Although based in the US, she never abandoned the Lopez value of nationalism, in which she celebrates the good qualities of the Filipino people: hospitality, respect for others and the bayanihan spirit.
“I was hired by Eugenio ‘Geny’ Lopez Jr. as one of his two secretaries,” she says. “Geny shared a suite with his father, Eugenio Lopez Sr., so although I worked for Geny, there were some occasions when we would do staff work for the ‘Old Man.’” Working for the elder Lopez exposed Santisteban to love of country because she saw how involved Don Eugenio was in local and national politics.
Like a guest
“We would join the family in their summer home in Baguio or at their flat in Hong Kong,” she recalls. “When eating, he would put food in front of you. You wouldn’t feel like a secretary, you would feel like a guest in his house. They respect you as a person. They were not at all snobbish.”
When Geny was incarcerated during martial law, Santisteban became an activist. She and other Lopez employees fought against the Marcos regime, especially for the injustice of the false accusations hurled against Geny. “They robbed Geny of five years of his productive life,” adds Santisteban.
“We mimeographed clippings and distributed them, although people couldn’t know what we were doing,” she says. In fact, Santisteban was so deep in the anti-Marcos movement and so loyal to the Lopezes that she helped arrange Geny’s escape to the US. Eventually, she would be branded by the Marcos regime as a “subversive.” Fearing for her safety and liberty, she joined her boss in exile in the US.
Santisteban was soon working for a food company that the Lopezes set up in the States. “I found myself selling Filipino food to the US Naval and Army commissaries,” she says.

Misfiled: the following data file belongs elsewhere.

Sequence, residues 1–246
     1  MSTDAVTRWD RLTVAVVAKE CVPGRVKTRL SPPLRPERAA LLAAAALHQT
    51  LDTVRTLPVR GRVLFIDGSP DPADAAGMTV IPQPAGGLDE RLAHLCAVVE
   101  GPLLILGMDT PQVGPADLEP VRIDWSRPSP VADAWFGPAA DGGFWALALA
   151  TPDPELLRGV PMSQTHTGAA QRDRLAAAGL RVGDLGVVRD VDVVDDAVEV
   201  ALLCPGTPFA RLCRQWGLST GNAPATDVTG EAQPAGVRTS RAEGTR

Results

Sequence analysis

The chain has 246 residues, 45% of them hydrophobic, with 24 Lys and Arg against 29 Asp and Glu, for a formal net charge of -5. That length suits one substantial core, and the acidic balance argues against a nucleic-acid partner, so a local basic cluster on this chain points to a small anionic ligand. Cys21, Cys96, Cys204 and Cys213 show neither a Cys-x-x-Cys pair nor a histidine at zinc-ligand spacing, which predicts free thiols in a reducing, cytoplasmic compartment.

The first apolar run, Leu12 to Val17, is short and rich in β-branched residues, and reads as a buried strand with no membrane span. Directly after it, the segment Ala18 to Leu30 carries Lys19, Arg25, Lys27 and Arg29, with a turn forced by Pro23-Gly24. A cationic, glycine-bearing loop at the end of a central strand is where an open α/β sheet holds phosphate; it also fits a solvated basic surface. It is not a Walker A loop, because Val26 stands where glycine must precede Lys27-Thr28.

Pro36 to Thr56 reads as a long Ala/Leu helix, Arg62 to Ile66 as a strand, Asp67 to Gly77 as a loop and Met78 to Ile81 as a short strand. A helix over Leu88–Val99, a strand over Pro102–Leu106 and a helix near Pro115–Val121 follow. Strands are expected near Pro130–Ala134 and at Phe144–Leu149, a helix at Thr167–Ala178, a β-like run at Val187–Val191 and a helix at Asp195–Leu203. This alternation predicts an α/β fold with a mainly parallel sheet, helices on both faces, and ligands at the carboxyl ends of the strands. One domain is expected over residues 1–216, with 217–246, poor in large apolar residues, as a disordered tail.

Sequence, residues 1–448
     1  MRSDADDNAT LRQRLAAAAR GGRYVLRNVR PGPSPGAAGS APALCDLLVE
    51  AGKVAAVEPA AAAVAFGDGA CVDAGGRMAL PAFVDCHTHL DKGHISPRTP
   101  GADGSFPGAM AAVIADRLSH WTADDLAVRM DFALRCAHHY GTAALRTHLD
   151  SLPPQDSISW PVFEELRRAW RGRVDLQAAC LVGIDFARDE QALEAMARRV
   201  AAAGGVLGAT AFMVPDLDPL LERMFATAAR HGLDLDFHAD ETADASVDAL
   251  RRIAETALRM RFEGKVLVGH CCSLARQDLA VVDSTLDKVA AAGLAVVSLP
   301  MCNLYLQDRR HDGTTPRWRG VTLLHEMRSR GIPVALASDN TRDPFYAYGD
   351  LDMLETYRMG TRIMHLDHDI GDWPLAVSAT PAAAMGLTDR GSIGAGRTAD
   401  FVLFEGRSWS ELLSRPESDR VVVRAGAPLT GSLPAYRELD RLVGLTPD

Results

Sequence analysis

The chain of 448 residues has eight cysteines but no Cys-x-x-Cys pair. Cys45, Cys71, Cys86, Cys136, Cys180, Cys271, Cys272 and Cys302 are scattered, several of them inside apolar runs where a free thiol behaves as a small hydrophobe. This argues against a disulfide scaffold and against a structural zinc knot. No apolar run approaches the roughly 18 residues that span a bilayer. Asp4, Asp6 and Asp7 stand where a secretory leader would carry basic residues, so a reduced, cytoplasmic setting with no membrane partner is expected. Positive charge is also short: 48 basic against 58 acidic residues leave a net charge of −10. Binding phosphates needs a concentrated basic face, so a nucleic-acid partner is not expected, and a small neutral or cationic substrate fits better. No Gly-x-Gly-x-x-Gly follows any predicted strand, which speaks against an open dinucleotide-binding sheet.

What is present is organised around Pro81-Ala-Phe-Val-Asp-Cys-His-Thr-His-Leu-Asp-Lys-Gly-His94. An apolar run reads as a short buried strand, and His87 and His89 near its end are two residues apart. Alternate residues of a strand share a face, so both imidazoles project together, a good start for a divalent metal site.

When Geny returned to the Philippines and got back ABS-CBN, he launched The Filipino Channel (TFC). He needed someone to
jumpstart the fledgling company. Santisteban was hired as an account executive for ad sales of TFC. She was later promoted to manager, and then senior manager for community relations. In due time, she became president of ABS-CBN Foundation Inc.-US, of which she is one of the incorporators. “Because I knew a lot of people in the US,” she shares.
Santisteban continued to find time to immerse herself in mainstream community work as an active member of the Peace and Justice Committee of the Archdiocese of San Francisco. She also served for four years in the Mental Health Board of the county of San Mateorepresenting the public interest of the Filipino community. In 2007, she was honored as one of the “100 Most Influential Filipino Women in the United States” by the Filipina Women’s Network.
This longtime Lopez employee believes that the Lopez values have been strengthened even after the passing away of Don Eugenio and Geny.
“They are not arrogant or snobbish. Even the second and third generations are approachable,” she says.
Santisteban is particularly touched that members of the family are actively involved in causes. She singles out Gina Lopez and her involvement with the environment, Rina Lopez-Bautista and her education projects, Geni Psinakis and her work with the urban poor in Smokey Mountain and Geni’s brother Mike, who volunteered in Central America to care for endangered turtles and continues to work once weekly at The Marine Mammal Center in Sausalito, California. The center rescues and rehabilitates injured sea lions, elephant seals and other marine mammals.
“They (the Lopezes) are on the right track by exposing the third generation and their employees to the Lopez values,” she muses.